December 7, 2018 - Museum Hof van Busleyden - Berlinde De Bruyckere: It Almost Seemed a Lily
December 7, 2018

Museum Hof van Busleyden

Berlinde De Bruyckere, Mantel II, 2016–2018. Wax, blankets, wallpaper, wood, epoxy, polyurethane, iron and, wood, 395 x 247 x 106 cm. Photo: Mirjam Devriendt. Courtesy of the artist and Galleria Continua.

Berlinde De Bruyckere
It Almost Seemed a Lily
In dialogue with 16th century "Enclosed Gardens"
December 15, 2018–May 12, 2019

Press preview: December 13, 2–4pm, By invitation only**
Opening : December 14, 7:30–11:30pm, By invitation only*

Museum Hof van Busleyden
Sint-Janstraat 2a (enter through the garden)
2800 Mechelen
Belgium
Hours: Thursday 10am–10pm,
Friday–Tuesday 10am–5pm

T +32 477 77 53 81
hvb@mechelen.be

www.hofvanbusleyden.be
Facebook / Twitter / Instagram / YouTube / LinkdIn

Berlinde De Bruyckere
It Almost Seemed a Lily
In dialogue with 16th century "Enclosed Gardens"
December 15, 2018–May 12, 2019

Press preview: December 13, 2–4pm, By invitation only**
Opening : December 14, 7:30–11:30pm, By invitation only*

Museum Hof van Busleyden
Sint-Janstraat 2a (enter through the garden)
2800 Mechelen
Belgium
Hours: Thursday 10am–10pm,
Friday–Tuesday 10am–5pm

T +32 477 77 53 81
hvb@mechelen.be

www.hofvanbusleyden.be
Facebook / Twitter / Instagram / YouTube / LinkdIn

The brand new Museum Hof van Busleyden is presenting monumental work by Berlinde De Bruyckere in Mechelen, Belgium. The world-famous Belgian artist engages in a dialogue with the institution’s masterpieces, the newly restored "Enclosed Gardens," which have recently begun to attract considerable interest once again.

The contemporary artist Berlinde De Bruyckere (1964, Ghent) first encountered the magical "Enclosed Gardens" from Mechelen in 2016. She was immediately gripped by the fragility and beauty of these 16th-century retable cases, which have been given a permanent home at the museum.

Mechelen Enclosed Gardens are 16th-century masterpieces that have recently been restored and researched. When opened, the wooden cases reveal paradisiacal walled gardens. Their imagery is unique. The many objects in all manner of materials stimulate the retina and mind alike: flowers and fruits at every stage of blooming and decay; birds, insects, squirrels and a mystical unicorn; papier-pressé medallions and pilgrims’ badges; little stones and relics wrapped in fragments of textile; and, in the foreground, painted figurines (poupées de Malines), enclosed by a little fence. The little gardens with their numerous objets de mémoire express both a horror vacui and above all profound devotion, making these little Gardens an expression of "joyful internalization."

It Almost Seemed a Lily is also the title of Berlinde De Bruyckere’s most recent series of works. Wooden frames containing a single silhouette, a giant flower resembling a lily or a peony. Imposing yet fragile. The frames consist of eighteenth-century oak floorboards, iron, frayed blankets, wallpaper and wax. The materials have a rich history and spill over one another. They conceal and reveal an amorphous form in which you make out flower, stamen and pistil. The pieces allude to earlier work and are also enriched with meanings that refer to both the Mechelen Enclosed Gardens and the myth of Hyacinthus.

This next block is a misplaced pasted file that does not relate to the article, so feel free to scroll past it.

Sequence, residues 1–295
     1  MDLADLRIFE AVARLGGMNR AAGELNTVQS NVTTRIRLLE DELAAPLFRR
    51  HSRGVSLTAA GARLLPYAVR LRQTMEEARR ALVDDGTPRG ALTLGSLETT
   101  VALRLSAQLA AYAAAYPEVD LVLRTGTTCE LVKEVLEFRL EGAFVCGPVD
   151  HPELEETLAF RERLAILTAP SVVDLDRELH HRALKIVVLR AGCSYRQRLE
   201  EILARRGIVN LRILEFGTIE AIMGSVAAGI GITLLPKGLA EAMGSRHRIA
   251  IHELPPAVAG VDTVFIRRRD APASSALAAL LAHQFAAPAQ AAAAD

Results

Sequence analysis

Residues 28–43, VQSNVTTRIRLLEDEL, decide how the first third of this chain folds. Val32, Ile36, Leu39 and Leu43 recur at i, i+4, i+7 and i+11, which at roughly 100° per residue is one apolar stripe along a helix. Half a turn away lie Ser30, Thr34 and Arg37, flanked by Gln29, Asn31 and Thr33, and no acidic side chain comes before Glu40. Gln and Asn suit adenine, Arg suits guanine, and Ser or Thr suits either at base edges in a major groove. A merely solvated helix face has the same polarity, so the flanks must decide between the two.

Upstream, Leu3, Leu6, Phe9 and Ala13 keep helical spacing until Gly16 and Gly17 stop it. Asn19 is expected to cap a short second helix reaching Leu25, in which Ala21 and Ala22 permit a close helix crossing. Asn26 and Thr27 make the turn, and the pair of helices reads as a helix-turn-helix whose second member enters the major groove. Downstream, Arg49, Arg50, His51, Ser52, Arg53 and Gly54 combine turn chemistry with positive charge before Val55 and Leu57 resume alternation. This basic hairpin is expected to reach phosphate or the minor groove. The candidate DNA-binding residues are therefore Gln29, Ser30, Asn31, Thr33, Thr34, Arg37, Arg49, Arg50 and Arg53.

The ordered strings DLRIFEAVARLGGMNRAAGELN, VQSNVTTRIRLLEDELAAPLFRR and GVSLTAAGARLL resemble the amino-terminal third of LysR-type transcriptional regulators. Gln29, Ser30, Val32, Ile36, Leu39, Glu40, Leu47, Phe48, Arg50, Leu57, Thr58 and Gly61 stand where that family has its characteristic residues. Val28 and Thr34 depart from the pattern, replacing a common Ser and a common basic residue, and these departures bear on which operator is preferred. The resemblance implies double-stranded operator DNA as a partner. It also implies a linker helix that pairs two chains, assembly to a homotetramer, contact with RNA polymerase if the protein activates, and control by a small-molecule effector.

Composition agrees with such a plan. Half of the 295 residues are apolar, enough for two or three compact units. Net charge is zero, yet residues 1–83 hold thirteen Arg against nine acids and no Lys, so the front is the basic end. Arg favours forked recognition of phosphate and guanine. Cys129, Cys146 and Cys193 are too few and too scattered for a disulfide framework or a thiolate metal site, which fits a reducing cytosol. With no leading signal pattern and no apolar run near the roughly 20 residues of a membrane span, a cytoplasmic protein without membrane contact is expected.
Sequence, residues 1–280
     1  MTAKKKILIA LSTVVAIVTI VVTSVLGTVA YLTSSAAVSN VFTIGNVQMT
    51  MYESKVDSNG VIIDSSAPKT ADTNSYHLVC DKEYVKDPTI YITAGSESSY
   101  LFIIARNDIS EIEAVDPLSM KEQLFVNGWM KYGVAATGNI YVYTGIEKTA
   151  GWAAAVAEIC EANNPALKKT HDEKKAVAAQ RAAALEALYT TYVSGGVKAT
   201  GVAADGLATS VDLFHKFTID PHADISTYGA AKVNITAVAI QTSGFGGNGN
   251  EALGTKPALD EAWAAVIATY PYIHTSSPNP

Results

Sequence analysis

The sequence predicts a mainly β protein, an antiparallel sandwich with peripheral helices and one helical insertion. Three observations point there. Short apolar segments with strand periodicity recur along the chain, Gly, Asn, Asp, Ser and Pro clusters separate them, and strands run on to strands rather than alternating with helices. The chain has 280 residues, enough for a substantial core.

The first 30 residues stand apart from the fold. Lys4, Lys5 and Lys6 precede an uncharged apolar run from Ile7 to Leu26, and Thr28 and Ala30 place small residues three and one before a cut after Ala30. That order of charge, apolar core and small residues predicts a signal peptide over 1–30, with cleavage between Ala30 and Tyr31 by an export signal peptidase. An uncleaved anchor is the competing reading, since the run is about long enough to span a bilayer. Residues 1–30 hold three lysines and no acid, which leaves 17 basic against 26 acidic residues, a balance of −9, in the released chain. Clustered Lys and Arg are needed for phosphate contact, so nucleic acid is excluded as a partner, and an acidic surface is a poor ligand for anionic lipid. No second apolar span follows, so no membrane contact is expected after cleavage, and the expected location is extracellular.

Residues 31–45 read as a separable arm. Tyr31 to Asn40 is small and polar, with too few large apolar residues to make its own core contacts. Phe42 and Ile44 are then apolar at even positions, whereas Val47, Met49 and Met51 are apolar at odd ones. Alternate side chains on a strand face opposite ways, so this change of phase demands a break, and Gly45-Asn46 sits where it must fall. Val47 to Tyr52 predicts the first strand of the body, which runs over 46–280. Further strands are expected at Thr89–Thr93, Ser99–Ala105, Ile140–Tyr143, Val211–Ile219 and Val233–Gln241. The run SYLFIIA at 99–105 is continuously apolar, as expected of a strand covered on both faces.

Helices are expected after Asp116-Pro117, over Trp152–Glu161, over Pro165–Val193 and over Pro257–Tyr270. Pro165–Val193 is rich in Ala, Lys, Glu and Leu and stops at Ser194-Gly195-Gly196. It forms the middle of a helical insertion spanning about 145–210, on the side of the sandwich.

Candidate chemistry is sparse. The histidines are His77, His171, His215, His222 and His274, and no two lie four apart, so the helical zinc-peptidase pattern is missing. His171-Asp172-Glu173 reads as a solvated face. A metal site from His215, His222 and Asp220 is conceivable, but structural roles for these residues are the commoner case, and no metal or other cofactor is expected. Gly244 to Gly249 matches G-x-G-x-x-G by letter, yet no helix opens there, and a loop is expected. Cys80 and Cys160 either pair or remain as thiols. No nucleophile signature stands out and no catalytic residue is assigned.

"It almost seemed a lily": the words the Roman poet Ovid used in his Metamorphoses to describe the purple-coloured flower into which Hyacinthus is transformed on his tragic death, struck in the head by a discus thrown by Apollo. The god was in love with Hyacinthus, yet snuffed out his life. Berlinde De Bruyckere views Metamorphoses as one of her "Bibles." The transformation of people into animals, stones, plants and flowers—an essential element of her work—is Ovid’s handhold in a cascade of stories that explore the great themes of human life.

The contemporary, monumental sculptures of Berlinde De Bruyckere, a tale from antiquity and the 16th-century "Enclosed Gardens" intertwine, transform one another and are subsumed into a greater whole, transcending time and place. The exhibition It Almost Seemed a Lily is like an uncontrollable dialogue that constantly reveals fresh meanings. This process of unravelling, isolating, fragmenting and reconnecting fits in perfectly with the specific character of Museum Hof van Busleyden.

Housed in the Renaissance city palace of the humanist Hieronymus van Busleyden, the museum is the ideal place in which to inscribe a new future on the past. With the spirit of the 16th-century building as its starting point, it aims once more to become a location that unites art and culture—a hotbed of new ideas and an engine to drive the city’s dynamism. This is a place for a new humanism that interacts with the past and, in so doing, not only explores the actuality of that past, but also visualizes or interrogates the future. We’re not doing all this on our own, but with lots of partners. So the dialogue does not express just one perspective or logic, but many.

Publication
It Almost Seemed a Lily

Hannibal Publishing

To mark the occasion, the artist has compiled a deluxe portfolio. Images by the photographer Mirjam Devriendt are interwoven with poetic texts by Berlinde De Bruyckere, Barbara Baert (KULeuven) and Lieve Watteeuw (KULeuven). The portfolio contains six removable sections. Dutch/English edition ISBN 978 94 9267 777 8

*To attend the opening, contact liesbeth.vannerom [​at​] mechelen.be
**To attend the press preview, contact sara.verhaert [​at​] mechelen.be

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It Almost Seemed a Lily
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